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Animal Facts

  • Genus:

  • Species:

    E. tiaratum
  • Conservation

    Least Concern
  • Found In:

  • Length:

    Up to 20cm

Meet our Spiny Leaf Stick Insects!

Australia is home to approximately 150 species of Stick Insects. One of these species is the Spiny Leaf Stick Insect, which can been seen in the Monarto Safari Park Visitor Centre.

Spiny Leaf Stick Insects are naturally found in the forests along the Queensland and New South Wales coast. They are completely harmless and rely on their mastery of camouflage to escape predators. When mildly disturbed, they curve their abdomen towards their attacker as if they could sting or they sway their bodies from side to side to resemble a leaf blowing in the wind.

Males are slender with fully developed wings and can readily fly. The females tend to be much larger and have thicker bodied and are incapable of flight.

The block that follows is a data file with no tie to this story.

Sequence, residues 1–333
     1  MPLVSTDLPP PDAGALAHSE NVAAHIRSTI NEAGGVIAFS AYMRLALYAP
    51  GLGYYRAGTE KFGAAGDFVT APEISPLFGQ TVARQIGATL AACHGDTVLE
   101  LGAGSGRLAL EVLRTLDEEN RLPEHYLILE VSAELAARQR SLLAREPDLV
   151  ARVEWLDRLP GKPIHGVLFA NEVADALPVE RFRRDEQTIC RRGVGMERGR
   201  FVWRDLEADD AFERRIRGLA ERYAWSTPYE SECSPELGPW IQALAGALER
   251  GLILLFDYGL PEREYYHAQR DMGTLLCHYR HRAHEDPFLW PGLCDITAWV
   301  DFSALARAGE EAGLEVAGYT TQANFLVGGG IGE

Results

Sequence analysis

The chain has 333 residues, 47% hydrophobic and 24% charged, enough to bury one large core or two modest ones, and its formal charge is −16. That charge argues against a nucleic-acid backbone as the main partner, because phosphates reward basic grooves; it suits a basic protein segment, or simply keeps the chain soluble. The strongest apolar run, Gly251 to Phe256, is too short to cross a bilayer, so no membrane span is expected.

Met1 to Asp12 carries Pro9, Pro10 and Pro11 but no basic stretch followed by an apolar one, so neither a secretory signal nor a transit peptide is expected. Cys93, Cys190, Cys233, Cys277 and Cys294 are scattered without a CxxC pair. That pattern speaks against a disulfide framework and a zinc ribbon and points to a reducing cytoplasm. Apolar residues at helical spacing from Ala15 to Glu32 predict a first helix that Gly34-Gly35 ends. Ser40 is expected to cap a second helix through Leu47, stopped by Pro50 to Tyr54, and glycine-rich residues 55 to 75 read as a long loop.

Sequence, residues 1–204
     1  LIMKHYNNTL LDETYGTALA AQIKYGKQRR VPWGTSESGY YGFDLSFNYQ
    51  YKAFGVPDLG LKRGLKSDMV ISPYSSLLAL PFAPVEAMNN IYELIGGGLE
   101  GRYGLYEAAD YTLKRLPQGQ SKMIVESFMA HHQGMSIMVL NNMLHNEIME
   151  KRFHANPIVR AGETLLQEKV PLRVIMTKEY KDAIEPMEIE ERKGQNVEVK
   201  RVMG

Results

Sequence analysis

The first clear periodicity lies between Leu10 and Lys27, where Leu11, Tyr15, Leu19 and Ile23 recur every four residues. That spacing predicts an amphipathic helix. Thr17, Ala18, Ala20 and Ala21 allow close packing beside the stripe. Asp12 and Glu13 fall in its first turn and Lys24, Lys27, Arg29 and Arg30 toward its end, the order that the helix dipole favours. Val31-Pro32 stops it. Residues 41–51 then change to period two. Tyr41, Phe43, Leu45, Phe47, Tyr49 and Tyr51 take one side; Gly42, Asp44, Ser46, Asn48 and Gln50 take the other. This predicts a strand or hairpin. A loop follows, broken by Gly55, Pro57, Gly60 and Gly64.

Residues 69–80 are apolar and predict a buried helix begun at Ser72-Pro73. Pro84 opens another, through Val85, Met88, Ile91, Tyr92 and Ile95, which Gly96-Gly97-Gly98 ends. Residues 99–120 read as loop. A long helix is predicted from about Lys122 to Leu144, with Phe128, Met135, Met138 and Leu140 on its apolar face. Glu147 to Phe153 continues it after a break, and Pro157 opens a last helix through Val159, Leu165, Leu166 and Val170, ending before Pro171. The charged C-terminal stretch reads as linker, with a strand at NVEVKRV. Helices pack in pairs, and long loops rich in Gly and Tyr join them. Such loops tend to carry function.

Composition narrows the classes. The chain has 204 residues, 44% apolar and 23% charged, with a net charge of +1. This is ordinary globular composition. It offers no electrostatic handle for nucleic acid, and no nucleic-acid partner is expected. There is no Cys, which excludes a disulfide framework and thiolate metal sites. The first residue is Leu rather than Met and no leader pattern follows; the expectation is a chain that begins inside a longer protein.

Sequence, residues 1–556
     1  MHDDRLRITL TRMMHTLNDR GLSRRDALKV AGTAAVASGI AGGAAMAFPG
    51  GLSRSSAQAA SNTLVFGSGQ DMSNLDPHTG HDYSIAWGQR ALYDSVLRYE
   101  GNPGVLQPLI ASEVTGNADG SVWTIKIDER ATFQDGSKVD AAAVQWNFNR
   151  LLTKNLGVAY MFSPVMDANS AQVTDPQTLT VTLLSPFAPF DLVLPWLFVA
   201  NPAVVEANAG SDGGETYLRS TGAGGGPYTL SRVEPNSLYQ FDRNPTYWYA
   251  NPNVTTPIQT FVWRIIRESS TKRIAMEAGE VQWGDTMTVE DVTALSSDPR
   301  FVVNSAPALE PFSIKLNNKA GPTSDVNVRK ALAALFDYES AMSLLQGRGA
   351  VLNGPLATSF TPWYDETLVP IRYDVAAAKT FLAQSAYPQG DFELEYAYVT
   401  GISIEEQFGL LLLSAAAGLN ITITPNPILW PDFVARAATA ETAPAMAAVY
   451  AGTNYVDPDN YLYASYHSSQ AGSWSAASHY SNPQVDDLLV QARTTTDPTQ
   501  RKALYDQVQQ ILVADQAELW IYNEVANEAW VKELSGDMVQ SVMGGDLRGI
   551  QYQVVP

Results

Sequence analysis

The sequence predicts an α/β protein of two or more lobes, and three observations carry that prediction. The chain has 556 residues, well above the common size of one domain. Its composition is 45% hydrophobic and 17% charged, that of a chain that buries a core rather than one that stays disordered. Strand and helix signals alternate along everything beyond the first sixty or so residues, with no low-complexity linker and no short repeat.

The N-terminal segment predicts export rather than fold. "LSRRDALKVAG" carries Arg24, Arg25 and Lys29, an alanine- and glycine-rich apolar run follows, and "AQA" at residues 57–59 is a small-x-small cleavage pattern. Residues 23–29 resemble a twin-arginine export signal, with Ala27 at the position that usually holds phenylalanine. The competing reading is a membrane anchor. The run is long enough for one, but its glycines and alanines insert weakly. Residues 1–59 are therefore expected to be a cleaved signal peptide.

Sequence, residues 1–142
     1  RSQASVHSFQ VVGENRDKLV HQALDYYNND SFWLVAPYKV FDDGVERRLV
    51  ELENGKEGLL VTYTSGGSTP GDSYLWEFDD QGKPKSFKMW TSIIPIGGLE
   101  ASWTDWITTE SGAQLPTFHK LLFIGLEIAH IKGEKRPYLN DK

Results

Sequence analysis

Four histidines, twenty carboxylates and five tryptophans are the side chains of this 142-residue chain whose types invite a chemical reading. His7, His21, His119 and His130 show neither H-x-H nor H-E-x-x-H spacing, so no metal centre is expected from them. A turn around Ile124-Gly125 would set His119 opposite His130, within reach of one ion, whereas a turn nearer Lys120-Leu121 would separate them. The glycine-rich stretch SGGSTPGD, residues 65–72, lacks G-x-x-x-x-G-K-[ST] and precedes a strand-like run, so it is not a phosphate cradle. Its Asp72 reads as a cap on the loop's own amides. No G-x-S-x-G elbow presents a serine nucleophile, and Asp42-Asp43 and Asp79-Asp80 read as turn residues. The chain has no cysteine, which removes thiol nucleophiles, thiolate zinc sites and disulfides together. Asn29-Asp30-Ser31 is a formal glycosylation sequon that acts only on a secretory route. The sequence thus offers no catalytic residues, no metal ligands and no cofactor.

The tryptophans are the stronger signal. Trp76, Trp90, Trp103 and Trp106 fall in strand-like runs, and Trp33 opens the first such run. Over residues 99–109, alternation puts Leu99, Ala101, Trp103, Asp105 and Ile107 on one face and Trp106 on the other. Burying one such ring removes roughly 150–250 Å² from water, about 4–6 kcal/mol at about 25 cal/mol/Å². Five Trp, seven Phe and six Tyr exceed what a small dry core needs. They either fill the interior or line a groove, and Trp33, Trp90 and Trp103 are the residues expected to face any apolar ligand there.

An interesting feature of the female Spiny Leaf Stick Insect is its ability to produce viable eggs without mating with a male – called parthenogenesis. An individual female can produce between 100 and 1,300 eggs in her lifetime. These eggs are flicked from the female’s abdomen onto the forest floor and lie in the leaf litter.

These eggs are collected by Redheaded Black Ants and taken into their underground nests. The eggs have a knob, called a capitulum that the ants like to eat. They leave the rest of the egg in the nest, protected from bushfires or other animals that might like to eat it. The young stick insects, called nymphs, hatch after one to three years underground and look and behave exactly like ants! With this camouflage they safely exit the ant nest and climb up the nearest tree to start eating and growing.

It takes six months for nymphs to reach maturity. In these six months the nymphs will moult their exoskeleton six times. If a limb is lost whilst moulting they have the ability to regrow that limb.

Love Stick Insects? There are many ways you can help support these fascinating critters. 

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